4. Develop a clear communications strategy: I can be that nagging marketing manager that consistently reminds clients to have consistent language and clear imagery. If you're reaching your target market through social media for example, remember this platform relies heavily on imagery. Invest in a photographer and get clear, sharp imagery that will capture the attention of your audience. Be sure that your language on all your platforms is clear, consistent, and engages your audience. And if this weren't enough, it's important to work out a plan that details where and how you'll share information. Using softwares like Mailchimp or Infusion Soft are a great way to communicate with your audience via email. Apps like Planoly and Unum are an effective way to plan your Instagram communications strategy and see a layout of your (clear and sharp) imagery before your audience does.
  5. Create buzz: I've worked with clients that have chosen to round out the above steps with a launch event. If your budget can accommodate this, events are a surefire strategy to gain interface with your target market. You'll provide a space for them to interact with your product (or with the face of the brand), and potentially purchase products on-site. Remember, audience experience is one the the most important factors to gaining loyal consumers. Other great ways to create buzz around your launch campaigns is by collaborating with other brands, and creating affiliate programs with influencers (but this is an entirely larger topic that we can get into in a next post!).
Thinking of launching or re-launching your brand? Join my mailing list for more resources on launching, and perfecting your brand's strategy.

I'm learning that career progression often depends on certain characteristics and habits we develop overtime. Character traits and habits that will push your business goals, or hinder you from achieving all that you can. It's the little things that move you forward, which you don't necessarily learn when you google your craft, but you learn on the job; while you're communicating with others, and from the feedback (in your face or behind your back) you gain after your assignment. I'm sharing certain habits I've been more intentional about developing since my recent career shift:
  1. Write everything down: 
    • For planning sake: I've gotten into the habit of planning out my week every Sunday night. In my notepad, I write out overall tasks I'd like to accomplish in that week, then take it a step further by writing out what I need to do each day of that week. At the end of each month, I go back and conduct an audit of the tasks I've done to help me better plan the next month.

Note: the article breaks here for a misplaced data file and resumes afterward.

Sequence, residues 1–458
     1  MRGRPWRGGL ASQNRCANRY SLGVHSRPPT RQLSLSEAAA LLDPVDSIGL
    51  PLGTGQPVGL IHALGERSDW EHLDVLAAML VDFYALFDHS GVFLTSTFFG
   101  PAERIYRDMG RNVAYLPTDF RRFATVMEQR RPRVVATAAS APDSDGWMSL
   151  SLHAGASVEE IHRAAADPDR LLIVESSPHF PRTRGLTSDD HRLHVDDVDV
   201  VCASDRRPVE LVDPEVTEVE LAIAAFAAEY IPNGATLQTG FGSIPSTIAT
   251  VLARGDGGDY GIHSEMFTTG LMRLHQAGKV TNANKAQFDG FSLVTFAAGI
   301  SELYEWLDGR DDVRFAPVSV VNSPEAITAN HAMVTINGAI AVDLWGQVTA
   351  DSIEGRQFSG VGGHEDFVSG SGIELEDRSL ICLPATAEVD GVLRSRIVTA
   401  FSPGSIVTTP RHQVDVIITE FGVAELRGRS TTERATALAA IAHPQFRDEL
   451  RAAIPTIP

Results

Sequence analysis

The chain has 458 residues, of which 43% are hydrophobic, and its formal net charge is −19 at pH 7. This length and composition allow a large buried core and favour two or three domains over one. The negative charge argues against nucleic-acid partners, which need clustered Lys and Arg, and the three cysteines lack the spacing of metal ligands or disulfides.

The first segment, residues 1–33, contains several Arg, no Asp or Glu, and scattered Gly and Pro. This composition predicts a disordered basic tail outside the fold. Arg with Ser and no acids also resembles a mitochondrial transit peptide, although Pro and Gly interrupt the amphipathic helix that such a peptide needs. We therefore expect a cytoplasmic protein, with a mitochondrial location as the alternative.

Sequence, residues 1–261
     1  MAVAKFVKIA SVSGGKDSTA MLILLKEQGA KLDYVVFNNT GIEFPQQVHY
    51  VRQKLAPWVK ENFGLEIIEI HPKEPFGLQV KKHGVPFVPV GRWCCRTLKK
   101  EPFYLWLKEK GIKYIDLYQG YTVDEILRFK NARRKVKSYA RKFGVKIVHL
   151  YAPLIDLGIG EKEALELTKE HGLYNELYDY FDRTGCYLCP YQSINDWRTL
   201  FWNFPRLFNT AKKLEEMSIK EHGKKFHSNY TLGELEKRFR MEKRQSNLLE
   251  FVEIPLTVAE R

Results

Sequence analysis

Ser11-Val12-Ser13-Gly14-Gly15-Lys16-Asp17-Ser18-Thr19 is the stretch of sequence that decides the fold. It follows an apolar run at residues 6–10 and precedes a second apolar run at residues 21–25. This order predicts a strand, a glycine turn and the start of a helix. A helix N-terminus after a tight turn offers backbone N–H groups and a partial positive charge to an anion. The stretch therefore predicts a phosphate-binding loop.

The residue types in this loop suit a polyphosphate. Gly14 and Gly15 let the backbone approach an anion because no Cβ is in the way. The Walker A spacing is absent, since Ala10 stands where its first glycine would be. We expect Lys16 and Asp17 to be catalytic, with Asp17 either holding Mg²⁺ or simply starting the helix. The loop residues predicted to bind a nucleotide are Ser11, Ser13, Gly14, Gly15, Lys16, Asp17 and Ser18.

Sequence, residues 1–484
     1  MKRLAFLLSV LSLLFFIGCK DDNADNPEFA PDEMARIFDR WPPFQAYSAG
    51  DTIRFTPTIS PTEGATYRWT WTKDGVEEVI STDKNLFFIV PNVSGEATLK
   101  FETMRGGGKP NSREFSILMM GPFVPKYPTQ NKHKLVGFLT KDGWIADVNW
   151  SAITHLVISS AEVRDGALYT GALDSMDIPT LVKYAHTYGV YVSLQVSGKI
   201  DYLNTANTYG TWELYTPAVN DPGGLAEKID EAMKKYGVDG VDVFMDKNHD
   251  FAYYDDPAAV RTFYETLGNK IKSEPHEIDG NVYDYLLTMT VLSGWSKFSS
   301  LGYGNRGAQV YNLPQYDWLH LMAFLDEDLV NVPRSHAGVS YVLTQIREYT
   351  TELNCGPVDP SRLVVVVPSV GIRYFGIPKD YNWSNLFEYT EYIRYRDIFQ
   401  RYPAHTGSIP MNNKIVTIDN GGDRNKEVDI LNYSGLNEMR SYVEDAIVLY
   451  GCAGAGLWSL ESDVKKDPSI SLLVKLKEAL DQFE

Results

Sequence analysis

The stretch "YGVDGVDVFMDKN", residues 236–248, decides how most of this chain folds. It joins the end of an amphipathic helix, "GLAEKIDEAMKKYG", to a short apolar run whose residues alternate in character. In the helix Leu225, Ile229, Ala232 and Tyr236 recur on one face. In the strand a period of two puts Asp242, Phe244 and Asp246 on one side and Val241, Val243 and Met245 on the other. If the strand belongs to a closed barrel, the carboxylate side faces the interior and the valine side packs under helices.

• For memory's sake: Writing everything down also applies to conversations with clients and staff. I learned from early on the importance of documenting what was said and what was agreed on so you always have a point of reference.
  2. Taking initiative pays off: As Sheryl Sandberg says in her book Lean In: "It is hard to visualize someone as a a leader if she is always being told what to do." During a recent Beneath Your Beauty masterclass, Dan Ogunsanwo, one of our guest speakers, echoed this sentiment. You have to assume authority and make those around you (clients included) believe that you are an authority in your field. Take initiative by presenting new ideas and marketing strategies; getting to the boardroom a few minutes before your boss; anticipating the needs of your consumers and having that extra item or incentive ready...just in case.
  3. Be approachable and available (so people can talk to you): There's a level of trust people should have when they think of your brand (or the face of your brand). I find that since a number of us are often interacting with our audience online, we miss the point of being truly social. People should feel comfortable approaching you. I've learned that (in addition to a good work ethic), kindness is one of the driving forces behind success. So when someone reaches out for a coffee date, say yes (within reason). Don't be afraid to have conversations and get to know people. As they say, your network is your net worth, so lead with kindness and openness.